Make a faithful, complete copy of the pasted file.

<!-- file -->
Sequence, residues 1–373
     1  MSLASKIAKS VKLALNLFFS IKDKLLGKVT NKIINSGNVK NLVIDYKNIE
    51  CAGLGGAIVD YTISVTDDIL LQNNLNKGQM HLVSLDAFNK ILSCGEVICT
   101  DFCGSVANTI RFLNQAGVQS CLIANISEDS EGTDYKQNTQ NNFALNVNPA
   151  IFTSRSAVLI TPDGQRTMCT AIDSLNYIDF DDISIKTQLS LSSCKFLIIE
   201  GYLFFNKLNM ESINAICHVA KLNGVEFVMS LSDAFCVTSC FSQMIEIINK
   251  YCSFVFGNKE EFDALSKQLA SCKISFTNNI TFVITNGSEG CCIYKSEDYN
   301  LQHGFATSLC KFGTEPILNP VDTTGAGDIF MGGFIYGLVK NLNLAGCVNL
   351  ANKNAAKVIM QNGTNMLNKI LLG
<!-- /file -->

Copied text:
Sequence, residues 1–373
     1  MSLASKIAKS VKLALNLFFS IKDKLLGKVT NKIINSGNVK NLVIDYKNIE
    51  CAGLGGAIVD YTISVTDDIL LQNNLNKGQM HLVSLDAFNK ILSCGEVICT
   101  DFCGSVANTI RFLNQAGVQS CLIANISEDS EGTDYKQNTQ NNFALNVNPA
   151  IFTSRSAVLI TPDGQRTMCT AIDSLNYIDF DDISIKTQLS LSSCKFLIIE
   201  GYLFFNKLNM ESINAICHVA KLNGVEFVMS LSDAFCVTSC FSQMIEIINK
   251  YCSFVFGNKE EFDALSKQLA SCKISFTNNI TFVITNGSEG CCIYKSEDYN
   301  LQHGFATSLC KFGTEPILNP VDTTGAGDIF MGGFIYGLVK NLNLAGCVNL
   351  ANKNAAKVIM QNGTNMLNKI LLG